Right now I'm thinking of plants that aren't twinkling, shivering under fake snow or twirling to "Jingle Bells. " Probably a temporary response, but I'm lusting for houseplants...

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Right now I’m thinking of plants that aren’t twinkling, shivering under fake snow or twirling to “Jingle Bells.” Probably a temporary response, but I’m lusting for houseplants that settle down to dignified flowering and handsome leafing, plants we won’t want to toss at the end of winter.

We’re accustomed to flowering plants with a brief, bright life span — often giving us three weeks or a month of pleasure before subsiding. As soon as January strikes, I’m for color in all its brevity. But I’d also like to add some long-lived plants.

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Clivia (Clivia miniata), or Kaffir lily, can grow as large as a small armchair after decades in the house, but it generally is sold in 4- or 6-inch pots. It sprouts long, 18-inch, dark-green strap-shaped leaves, handsome when out of bloom. The blooms — in late winter — are stunning, a long stem capped with a ball of tubular orange-yellow flowers, as many as 15 or 20 in the ball. Older plants may send up several bloom shoots, worth a party to celebrate. (They form a startling outdoor ground cover in shade at the Los Angeles airport.)

Clivia needs a winter rest, with six to eight weeks of very little water and low temperatures in the 40s. I set mine on a sheltered porch in October and November. Don’t water it more than once every six weeks during winter. When buds appear — cheer! Then resume plentiful weekly watering and feeding with liquid fertilizer. They flower best when roots fill the pot — repot only when truly rootbound and threatening to break the pot. Without flower, it’s a handsome foliage plant, though it does require dusting with a damp cloth occasionally.


Orange-red clivia, or Kaffir lily, blooms in late winter and can grow as large as a small armchair after decades indoors.

Hoya (Hoya carnosa), a tropical vine whose name sounds like a greeting, will thrive nicely with about three hours a day of household light and temperatures above 50. You’ll find it as a hanging plant or trained up and around windows. Flowers bloom when the plant is young, producing waxy-looking white or pink balls about the size of 50-cent pieces. They’re fragrant, and once settled in the house the hoya’s there to stay. Hoyas can’t stand cold temperatures or soggy soil. Remove spent flowers carefully, taking only the flowers and leaving the stalk they grow on, because it will flower year after year.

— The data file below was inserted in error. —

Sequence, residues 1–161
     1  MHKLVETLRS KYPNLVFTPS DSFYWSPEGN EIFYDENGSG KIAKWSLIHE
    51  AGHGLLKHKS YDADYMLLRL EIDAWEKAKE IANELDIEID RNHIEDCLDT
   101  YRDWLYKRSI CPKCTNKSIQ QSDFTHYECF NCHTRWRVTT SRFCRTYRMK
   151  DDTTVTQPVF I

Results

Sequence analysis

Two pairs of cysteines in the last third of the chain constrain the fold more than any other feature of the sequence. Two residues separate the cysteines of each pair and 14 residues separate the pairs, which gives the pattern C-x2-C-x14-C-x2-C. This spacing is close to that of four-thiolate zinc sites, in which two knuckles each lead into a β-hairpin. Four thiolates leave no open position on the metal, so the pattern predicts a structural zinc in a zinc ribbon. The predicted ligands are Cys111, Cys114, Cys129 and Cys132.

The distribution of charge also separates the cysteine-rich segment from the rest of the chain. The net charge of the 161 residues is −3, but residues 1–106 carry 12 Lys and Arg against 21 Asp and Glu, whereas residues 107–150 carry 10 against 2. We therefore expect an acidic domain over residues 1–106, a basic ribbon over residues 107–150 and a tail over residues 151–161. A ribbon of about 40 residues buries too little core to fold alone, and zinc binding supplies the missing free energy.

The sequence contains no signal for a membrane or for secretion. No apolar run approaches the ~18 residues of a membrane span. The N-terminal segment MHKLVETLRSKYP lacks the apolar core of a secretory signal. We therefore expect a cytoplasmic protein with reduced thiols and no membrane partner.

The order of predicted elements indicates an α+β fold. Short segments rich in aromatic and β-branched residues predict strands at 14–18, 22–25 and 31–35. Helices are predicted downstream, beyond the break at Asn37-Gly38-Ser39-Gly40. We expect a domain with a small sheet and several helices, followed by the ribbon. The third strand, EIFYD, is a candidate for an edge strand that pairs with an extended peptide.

You’ll find lots of different plants from nursery to nursery — the indoor-plant buyer at Molbak’s in Woodinville has highlighted bromeliads, subtropical beauties with leaves forming rosettes that can hold water. They flower in startling colors, with bright pink, red, orange or purple bracts. Look for ‘Sarah,’ a pink-red, or the zippy ‘Samba,’ ‘Calypso’ and ‘Jazz.’ Bromeliads look just plain stylish and contemporary — nothing gingham about them.

Jasmine (Jasminium sambac, Arabian jasmine), fluffy white in hanging baskets, scents a room. Hanging baskets of jasmine can go out on a summer patio. Staff at Sky Nursery in Shoreline mention the heavenly fragrances of indoor citrus plants like Meyer lemon as well as vining Stephanotis in addition to the jasmine. Miniature roses, often gift plants, can settle into the garden outdoors once weather moderates, and may become perennial residents.

For all houseplants, water and fertilize less in winter. You may have the surprise of a jade plant (Crassula argentea) coming into bloom; a friend’s is covered with soft clusters of white star-shaped flowers. It’s in a light “greenhouse” room with overhead glass. Apparently they need both light and summer sunshine for their blooming.

So here’s my yearly prescription for the winter blahs: For those of us who can’t get to Bali or even Oaxaca in winter, visit your favorite independent, local nursery and browse in the brilliance, inhale the warm, damp air and come away renewed with an armful of indoor plants.

Garden expert Mary Robson, retired area horticulture agent for Washington State University/King County Cooperative Extension, shares gardening tips every Wednesday. Her e-mail is marysophia@earthlink.net.